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Gourmet's food tour with

I aliways dreamt of experiencing a country through its food - dreamt could be a wrong word since I have been doing so all these while but to have a native walk you through the nooks and crannies and bring you to obscure un-touristy areas is godsent.

For sure there are tons of other options available so review them based on budget and itinerary if they have one to decide!

We made an online booking first, payment was possible at the end of the tour.  Josh met us at the entrance of Cipro metro - where our gourmet journey will begin. Josh is an American married to an Italian and they are expecting a baby boy in June. So then with Italian immediate family members, it meant he understood their tastes well and hopefully he would bring us to where they frequent.

Along the way we spotted St Peter's Basilica which I wish I had time for.

That's Josh, our guide for the day. 

Italian Coffee and Tiramisu at La Fiorentina
Fresh Baked Cornetto at Gabrielle Bonci Bakery


Our first stop, a taste of a typical Italian's breakfast - coffee and cornetto. Well both the bakery and cafe was done in one stop so we did not waste too much time on both. La Fiorentina had the rolls royce of coffee machines which got us all rather excited. 

23 drops makeths a espresso - and true to its claim, royally satisfying. 

Latte to kickstart the day.

We were offered one cornetto too many at the first stop - vanilla, chocolate, and almond. As mentioned in the previous posts, cornetto is their version of the croissant, and surprisingly not any less sinful. 


Sweets in the morning for the perfect sugarrush also meant we had a go at a dessert each - tiramisu notwithstanding. The cream puffed up pastry was on the sweet side - but all italian desserts are sweet! 

Icing chestnuts anyone?

Line up they all did at the counter. 

Italian macarons?

Paper thin napkins. 

Some education about the very first coffee machine. 

The tiramisu however was potent - soaking deep in espresso. My favourite went to the canolli - an easier treat to love. 

This bite sized sweet was made of a choux pastry puffed with sweet cream - nothing too spectacular.

The other desserts that got us tempted.

I spy a minion cake.

Food and wine tasting at Trionfale market

Trionfale is the largest closed door market in Italy - I am surprised that this was considered their largest since our wet markets locally are similar in size. 

Tons of vegetables on offer. 

Whatever these are, they look so good!

Rudy red tomatoes. 

The cheese shop we dropped by in the market.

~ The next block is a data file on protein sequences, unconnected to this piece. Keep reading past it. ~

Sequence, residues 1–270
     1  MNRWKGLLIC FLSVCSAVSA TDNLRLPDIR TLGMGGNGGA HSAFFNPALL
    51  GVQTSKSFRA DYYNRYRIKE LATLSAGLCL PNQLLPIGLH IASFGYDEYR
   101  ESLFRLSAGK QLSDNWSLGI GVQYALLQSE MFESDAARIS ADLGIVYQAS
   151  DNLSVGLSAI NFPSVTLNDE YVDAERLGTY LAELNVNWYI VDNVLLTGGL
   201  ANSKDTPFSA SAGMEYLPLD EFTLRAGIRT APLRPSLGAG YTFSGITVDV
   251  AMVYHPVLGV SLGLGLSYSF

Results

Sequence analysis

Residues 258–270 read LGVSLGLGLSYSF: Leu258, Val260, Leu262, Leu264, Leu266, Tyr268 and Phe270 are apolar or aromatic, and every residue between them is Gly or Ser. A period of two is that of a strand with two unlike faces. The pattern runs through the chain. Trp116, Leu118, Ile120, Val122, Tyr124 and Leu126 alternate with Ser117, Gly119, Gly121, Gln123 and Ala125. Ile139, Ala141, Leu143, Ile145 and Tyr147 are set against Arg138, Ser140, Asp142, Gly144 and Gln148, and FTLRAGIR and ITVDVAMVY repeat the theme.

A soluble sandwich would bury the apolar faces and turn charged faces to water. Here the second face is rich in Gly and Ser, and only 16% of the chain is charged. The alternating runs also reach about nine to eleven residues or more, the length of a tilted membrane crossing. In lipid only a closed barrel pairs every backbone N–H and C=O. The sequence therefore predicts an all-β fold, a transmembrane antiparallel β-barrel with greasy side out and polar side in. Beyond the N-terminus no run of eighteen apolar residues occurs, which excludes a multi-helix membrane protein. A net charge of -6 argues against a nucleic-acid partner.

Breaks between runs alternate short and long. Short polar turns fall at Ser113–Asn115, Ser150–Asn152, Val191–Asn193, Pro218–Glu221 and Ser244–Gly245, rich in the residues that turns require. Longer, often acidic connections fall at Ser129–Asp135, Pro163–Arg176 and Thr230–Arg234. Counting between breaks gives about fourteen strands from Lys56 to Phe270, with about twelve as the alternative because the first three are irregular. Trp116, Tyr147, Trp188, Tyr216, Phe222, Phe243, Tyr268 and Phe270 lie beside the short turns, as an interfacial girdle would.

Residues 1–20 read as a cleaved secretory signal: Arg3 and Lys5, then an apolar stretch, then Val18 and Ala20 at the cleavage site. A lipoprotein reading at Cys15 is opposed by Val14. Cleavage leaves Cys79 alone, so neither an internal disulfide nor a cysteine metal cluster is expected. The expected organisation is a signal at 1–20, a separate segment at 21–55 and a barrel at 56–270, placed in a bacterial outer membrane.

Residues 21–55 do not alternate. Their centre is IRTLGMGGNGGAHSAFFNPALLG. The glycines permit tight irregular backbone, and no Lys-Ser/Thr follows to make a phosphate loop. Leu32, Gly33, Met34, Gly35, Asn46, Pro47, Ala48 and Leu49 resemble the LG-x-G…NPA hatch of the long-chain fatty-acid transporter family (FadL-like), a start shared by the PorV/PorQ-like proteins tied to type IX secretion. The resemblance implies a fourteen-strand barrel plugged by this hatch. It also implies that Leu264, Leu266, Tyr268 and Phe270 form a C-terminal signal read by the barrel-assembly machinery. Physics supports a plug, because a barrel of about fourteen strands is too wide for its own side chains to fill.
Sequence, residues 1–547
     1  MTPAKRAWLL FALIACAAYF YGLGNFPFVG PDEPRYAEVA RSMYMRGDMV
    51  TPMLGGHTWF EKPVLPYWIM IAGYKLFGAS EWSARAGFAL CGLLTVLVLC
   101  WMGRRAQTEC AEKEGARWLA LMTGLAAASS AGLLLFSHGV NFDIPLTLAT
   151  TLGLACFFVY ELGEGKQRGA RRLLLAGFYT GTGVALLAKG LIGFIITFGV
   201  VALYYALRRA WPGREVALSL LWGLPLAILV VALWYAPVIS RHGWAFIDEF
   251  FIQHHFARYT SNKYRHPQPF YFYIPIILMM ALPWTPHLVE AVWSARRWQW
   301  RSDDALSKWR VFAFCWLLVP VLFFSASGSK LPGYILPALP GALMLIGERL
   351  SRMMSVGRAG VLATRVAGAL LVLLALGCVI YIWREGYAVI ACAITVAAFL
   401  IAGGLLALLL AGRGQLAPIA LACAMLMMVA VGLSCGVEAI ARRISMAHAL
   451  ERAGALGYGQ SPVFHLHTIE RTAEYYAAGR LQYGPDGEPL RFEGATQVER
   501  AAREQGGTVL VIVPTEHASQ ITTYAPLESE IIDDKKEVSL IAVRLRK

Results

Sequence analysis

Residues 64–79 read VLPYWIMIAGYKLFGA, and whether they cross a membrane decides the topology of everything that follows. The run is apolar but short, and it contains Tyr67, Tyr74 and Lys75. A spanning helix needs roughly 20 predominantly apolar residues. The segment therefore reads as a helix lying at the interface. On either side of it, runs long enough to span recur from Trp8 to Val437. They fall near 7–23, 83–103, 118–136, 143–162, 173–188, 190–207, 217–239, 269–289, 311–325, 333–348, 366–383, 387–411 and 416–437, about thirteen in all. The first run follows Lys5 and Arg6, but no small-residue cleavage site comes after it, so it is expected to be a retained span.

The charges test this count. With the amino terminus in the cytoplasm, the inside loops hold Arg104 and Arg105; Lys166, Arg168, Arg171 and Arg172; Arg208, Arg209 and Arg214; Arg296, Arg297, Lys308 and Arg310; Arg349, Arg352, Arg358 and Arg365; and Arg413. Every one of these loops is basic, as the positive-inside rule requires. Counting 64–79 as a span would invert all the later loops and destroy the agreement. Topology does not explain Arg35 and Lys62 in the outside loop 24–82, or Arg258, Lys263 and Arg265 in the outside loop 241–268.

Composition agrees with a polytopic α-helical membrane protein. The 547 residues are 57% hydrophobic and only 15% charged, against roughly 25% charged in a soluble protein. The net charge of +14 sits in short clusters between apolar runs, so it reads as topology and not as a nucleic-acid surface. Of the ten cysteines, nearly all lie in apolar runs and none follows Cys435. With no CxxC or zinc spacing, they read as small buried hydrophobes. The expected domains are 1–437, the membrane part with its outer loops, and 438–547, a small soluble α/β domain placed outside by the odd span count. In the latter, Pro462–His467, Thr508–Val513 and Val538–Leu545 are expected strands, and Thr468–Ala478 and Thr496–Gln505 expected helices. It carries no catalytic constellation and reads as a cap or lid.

A ton of cheese.  

A chunk so huge, I wonder how long it takes to finish eating.

Josh taught us how to identify quality buffalo cheese - fact is, they are produced fresh and have to be eaten within the day. 

Buffalo cheese with tomatoes

These were rich and creamy and if it weren't for the fact the day was still young, I would have eaten seconds or even thirds of this. 

Tomatoes, were also so delicious - on its own sweet and bursting with juices. 

Fragolini di bosco  

Baby strawberries that were sweet but somewhat too soft. These are a huge contrast from the large bulbous ones that I have been eating all my life. 

Homemade wines

For sure the Italians are known for their wines but I did not know they sold them this freely - straight off the barrel into containers. 



Josh shared that cheap dates were made of these - a bottle of these more potent wines and pizza in hand, a budget date was complete. We had a go at both the red and white, both caused a rush of blood and well, bottoms up ultimately with a good look at everyone in the eye - the tale goes, a good stare and look in the eye before chugging down the wines ensures good sex for the 7 years. Truth or not, one of his tour participants had the cheek to muse "another 4 more to go" in the very presence of his wife! 

I kid you not at 1.6 EUR a liter. 

Someone's mineral water bottle filled with wine. 

The quality seal.  

The man behind parma ham and melon. 

Sweet melon meets savoury parma ham. I found the ham a tad thick cut and not so complementary with the melon. 

Drop by this shop for fresh pasta!

Behind the counter of the pasta shop!

Chocolate pasta 

Eggplant Parmigiana

Most Italians eat market bought pasta though traditionally a pasta machine is given to every newly wed. At this store, the variety of pasta is enough to knock you out completely and they have interesting flavours like chocolate! I wonder how that tastes like. We were there to try their eggplant parmigiana, made from scratch and sold in portions. 

This was a vegetarian lagsane with sheets of pasta, fresh tomatoes, eggplant and cheese - hearty meal indeed. Their tomatoes tend to be on the sour side, whetting the appetite a fair bit.  

Along the way we spotted a wild boar head hanging, a real one to boot. Pretty scary upfront.